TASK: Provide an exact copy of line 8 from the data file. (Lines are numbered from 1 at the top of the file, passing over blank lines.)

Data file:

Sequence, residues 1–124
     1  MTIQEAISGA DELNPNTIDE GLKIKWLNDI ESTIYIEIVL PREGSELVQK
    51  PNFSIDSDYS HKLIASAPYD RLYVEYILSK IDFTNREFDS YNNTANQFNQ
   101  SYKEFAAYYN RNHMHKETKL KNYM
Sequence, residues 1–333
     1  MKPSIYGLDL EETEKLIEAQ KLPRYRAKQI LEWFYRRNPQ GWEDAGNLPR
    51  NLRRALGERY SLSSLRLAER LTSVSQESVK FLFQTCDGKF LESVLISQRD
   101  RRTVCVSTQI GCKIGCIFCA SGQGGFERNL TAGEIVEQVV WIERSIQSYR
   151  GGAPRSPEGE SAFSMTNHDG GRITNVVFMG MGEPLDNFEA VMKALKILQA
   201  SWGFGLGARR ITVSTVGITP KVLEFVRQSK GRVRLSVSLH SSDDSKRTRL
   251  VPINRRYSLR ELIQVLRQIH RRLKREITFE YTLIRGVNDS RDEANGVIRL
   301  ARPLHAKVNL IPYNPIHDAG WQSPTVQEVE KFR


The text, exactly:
   101  RRTVCVSTQI GCKIGCIFCA SGQGGFERNL TAGEIVEQVV WIERSIQSYR